Brett Phillips

Positions:

Assistant Professor of Surgery

Surgery, Plastic, Maxillofacial, and Oral Surgery
School of Medicine

Member of the Duke Cancer Institute

Duke Cancer Institute
School of Medicine

Education:

B.A. 2003

New York University

M.D. 2007

Stony Brook University, Renaissance School of Medicine

M.B.A. 2011

State University of New York, Stony Brook

General Surgery Resident, Surgery

Stony Brook University, Renaissance School of Medicine

Research Fellow, Surgery

Stony Brook University, Renaissance School of Medicine

General Surgery Resident, Surgery

Stony Brook University, Renaissance School of Medicine

Plastic Surgery Resident, Surgery

Duke University School of Medicine

Microvascular Reconstructive Surgery, Surgery

University of Texas MD Anderson Cancer Center

Grants:

A Multi-institutional Randomized Controlled Trial to Determine the Optimal Antibiotic Prophylaxis for Tissue Expander-based Breast Reconstruction

Administered By
Surgery, Plastic, Maxillofacial, and Oral Surgery
Awarded By
The Plastic Surgery Foundation
Role
Principal Investigator
Start Date
End Date

A Single Arm, Prospective, Open Label, Single Center Study to Evaluate the SPY PHI Fluorescence Imaging Assessment Software and Determine the Effectiveness of Intraoperative Perfusion Assessment and Identification of Viable and Non-Viable Tissue duri

Administered By
Surgery, Plastic, Maxillofacial, and Oral Surgery
Awarded By
Stryker Corporation
Role
Principal Investigator
Start Date
End Date

Publications:

Correction to: Dissatisfaction After Post-Mastectomy Breast Reconstruction: A Mixed-Methods Study.

Authors
Shammas, RL; Fish, LJ; Sergesketter, AR; Offodile, AC; Phillips, BT; Oshima, S; Lee, CN; Hollenbeck, ST; Greenup, RA
MLA Citation
Shammas, Ronnie L., et al. “Correction to: Dissatisfaction After Post-Mastectomy Breast Reconstruction: A Mixed-Methods Study.Annals of Surgical Oncology, Sept. 2021. Epmc, doi:10.1245/s10434-021-10796-3.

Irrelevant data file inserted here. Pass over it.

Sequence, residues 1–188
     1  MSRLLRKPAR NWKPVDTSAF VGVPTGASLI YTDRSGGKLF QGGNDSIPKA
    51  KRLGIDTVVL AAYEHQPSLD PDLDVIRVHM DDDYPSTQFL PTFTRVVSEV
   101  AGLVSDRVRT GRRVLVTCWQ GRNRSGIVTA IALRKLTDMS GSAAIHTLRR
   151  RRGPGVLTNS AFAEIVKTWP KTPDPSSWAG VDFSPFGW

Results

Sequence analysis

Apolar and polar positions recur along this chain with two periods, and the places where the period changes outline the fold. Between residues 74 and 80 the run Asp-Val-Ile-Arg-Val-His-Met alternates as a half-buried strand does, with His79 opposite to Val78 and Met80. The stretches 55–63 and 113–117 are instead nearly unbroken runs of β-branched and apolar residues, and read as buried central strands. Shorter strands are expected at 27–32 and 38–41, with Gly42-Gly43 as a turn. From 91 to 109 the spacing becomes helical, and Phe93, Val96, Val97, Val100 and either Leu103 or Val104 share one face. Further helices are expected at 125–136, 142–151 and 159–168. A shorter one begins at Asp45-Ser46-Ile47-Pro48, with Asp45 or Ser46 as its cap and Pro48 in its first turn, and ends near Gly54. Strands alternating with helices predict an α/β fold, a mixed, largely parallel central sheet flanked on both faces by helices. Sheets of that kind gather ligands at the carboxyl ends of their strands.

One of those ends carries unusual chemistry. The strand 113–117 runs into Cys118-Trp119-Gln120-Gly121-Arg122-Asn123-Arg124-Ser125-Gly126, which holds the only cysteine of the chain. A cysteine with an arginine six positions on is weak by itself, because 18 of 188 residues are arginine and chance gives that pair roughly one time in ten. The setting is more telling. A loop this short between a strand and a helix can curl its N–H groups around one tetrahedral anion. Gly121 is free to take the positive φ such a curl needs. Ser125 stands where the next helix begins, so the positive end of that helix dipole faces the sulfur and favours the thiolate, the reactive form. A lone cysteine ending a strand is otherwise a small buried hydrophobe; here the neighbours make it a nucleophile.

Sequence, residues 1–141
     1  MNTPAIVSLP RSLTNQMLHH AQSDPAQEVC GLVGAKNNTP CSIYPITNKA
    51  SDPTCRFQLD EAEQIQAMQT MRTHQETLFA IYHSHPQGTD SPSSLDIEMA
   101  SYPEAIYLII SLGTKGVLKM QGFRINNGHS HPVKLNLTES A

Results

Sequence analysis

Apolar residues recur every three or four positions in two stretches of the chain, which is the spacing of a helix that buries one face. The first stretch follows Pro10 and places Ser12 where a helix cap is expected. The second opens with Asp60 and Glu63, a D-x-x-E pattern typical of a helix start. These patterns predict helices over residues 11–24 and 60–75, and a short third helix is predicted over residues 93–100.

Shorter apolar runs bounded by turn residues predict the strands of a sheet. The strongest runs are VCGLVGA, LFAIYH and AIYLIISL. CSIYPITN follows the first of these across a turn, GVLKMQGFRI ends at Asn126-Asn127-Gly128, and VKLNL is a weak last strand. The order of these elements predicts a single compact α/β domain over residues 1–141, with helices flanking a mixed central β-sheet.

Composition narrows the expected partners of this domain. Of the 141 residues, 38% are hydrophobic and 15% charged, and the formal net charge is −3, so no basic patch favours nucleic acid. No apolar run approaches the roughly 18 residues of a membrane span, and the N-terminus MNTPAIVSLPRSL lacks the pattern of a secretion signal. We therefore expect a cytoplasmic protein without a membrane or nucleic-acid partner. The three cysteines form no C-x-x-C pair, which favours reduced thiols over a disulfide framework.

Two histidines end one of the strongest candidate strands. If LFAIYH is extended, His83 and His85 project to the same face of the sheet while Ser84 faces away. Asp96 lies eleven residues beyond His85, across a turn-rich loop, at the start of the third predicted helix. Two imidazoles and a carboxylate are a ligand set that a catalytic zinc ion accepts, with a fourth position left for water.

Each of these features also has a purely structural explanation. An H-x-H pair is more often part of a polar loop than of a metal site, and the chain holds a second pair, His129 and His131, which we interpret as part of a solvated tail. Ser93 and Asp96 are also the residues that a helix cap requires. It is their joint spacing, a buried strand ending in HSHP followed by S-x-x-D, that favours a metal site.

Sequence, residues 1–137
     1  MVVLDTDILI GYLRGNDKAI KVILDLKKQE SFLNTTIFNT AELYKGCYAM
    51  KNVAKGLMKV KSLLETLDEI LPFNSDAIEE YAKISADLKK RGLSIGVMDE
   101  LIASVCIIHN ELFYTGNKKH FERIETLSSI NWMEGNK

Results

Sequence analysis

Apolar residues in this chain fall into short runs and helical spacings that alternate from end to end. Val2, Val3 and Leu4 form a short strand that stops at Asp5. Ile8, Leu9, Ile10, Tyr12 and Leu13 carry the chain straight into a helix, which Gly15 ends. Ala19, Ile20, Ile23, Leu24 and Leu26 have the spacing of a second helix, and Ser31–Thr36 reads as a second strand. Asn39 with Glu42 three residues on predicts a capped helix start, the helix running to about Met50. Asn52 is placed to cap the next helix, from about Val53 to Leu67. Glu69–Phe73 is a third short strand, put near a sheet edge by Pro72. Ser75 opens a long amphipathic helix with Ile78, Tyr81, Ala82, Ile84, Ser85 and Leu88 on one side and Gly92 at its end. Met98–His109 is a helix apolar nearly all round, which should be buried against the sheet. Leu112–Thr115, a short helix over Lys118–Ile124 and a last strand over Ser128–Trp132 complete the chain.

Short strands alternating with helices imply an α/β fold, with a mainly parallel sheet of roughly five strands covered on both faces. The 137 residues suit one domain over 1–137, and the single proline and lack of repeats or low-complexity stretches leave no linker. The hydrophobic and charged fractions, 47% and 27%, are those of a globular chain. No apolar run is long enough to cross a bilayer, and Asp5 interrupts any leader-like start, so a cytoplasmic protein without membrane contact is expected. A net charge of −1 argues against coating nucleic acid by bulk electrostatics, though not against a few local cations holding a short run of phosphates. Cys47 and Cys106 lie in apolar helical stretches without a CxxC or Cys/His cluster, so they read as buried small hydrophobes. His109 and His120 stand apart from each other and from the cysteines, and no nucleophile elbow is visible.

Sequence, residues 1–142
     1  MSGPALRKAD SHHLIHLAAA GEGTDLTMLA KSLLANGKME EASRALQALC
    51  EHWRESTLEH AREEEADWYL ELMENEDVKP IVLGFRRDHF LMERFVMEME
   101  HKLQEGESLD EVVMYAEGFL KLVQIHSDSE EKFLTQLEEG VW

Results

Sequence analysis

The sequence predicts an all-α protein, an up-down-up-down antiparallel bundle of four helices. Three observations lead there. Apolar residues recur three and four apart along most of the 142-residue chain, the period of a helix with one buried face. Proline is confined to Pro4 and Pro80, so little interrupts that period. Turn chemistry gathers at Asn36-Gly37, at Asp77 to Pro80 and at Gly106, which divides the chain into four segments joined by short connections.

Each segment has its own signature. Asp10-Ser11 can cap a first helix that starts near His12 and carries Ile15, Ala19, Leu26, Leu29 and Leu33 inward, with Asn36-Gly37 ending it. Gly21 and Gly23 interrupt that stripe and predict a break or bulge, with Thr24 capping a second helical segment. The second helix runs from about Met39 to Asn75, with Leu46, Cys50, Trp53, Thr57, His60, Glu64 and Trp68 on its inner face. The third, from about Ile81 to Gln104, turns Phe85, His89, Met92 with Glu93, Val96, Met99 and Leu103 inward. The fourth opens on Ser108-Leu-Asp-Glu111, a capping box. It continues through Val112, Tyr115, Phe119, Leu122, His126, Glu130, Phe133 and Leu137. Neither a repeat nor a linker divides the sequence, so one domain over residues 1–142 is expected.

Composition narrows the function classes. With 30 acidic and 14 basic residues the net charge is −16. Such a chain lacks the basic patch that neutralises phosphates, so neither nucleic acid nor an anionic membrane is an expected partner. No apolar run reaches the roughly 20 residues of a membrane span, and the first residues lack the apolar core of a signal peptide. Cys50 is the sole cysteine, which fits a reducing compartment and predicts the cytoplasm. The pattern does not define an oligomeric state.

URI
https://scholars.duke.edu/individual/pub1496634
PMID
34514524
Source
epmc
Published In
Annals of Surgical Oncology
Published Date
DOI
10.1245/s10434-021-10796-3

Disparities between Operative Time and Relative Value Units for Plastic Surgery Procedures.

BACKGROUND: Plastic surgeons are evaluated not only by the number of patients served but also by relative value, quantified by the Medicare relative value unit system, which can affect advancement and compensation. Procedures that demand a high operative time without an increase in relative value units are, by definition, inefficient. The purpose of this study was to determine whether the number of relative value units actually corresponds to operative time. METHODS: The National Surgical Quality Improvement Program data sets over a 9-year period were queried for plastic surgery operations. The primary CPT codes representing the 100 most common operations were compared for operative time and total relative value units. RESULTS: A total of 53,701 cases were included. There was a high degree of correlation between operative time and number of relative value units (Pearson correlation coefficient, 0.82). The average efficiency was 10.201 ± 3.386 relative value units per hour. Pressure ulcer excisions and breast reconstruction were among the most efficient (e.g., Excision, sacral pressure ulcer, CPT 19357, generated 20.819 relative value units per hour). Skin excisions, débridements, and flap delays were among the least efficient (e.g., Excision, excessive skin and subcutaneous tissue, CPT 15847, generated 1.752 relative value units per hour). CONCLUSIONS: As a general trend, the most common plastic surgical procedures requiring longer operative times are associated with more relative value units. Cases with higher relative value units assigned tended to be more efficient. For the 100 most common procedures, relative value units and operative time are not evenly distributed. These data suggest modifications to the current relative value unit designation system to more equally allocate these units based on effort and time.